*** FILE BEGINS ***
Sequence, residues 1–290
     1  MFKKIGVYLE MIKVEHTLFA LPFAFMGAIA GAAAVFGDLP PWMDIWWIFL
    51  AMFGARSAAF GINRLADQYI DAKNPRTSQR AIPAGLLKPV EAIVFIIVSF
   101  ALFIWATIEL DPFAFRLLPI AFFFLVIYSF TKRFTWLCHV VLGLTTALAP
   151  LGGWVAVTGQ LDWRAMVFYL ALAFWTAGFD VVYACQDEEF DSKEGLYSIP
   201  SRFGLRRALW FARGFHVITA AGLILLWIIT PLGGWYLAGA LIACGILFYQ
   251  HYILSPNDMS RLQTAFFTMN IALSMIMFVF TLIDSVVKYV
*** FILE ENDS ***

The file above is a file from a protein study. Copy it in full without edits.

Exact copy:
Sequence, residues 1–290
     1  MFKKIGVYLE MIKVEHTLFA LPFAFMGAIA GAAAVFGDLP PWMDIWWIFL
    51  AMFGARSAAF GINRLADQYI DAKNPRTSQR AIPAGLLKPV EAIVFIIVSF
   101  ALFIWATIEL DPFAFRLLPI AFFFLVIYSF TKRFTWLCHV VLGLTTALAP
   151  LGGWVAVTGQ LDWRAMVFYL ALAFWTAGFD VVYACQDEEF DSKEGLYSIP
   201  SRFGLRRALW FARGFHVITA AGLILLWIIT PLGGWYLAGA LIACGILFYQ
   251  HYILSPNDMS RLQTAFFTMN IALSMIMFVF TLIDSVVKYV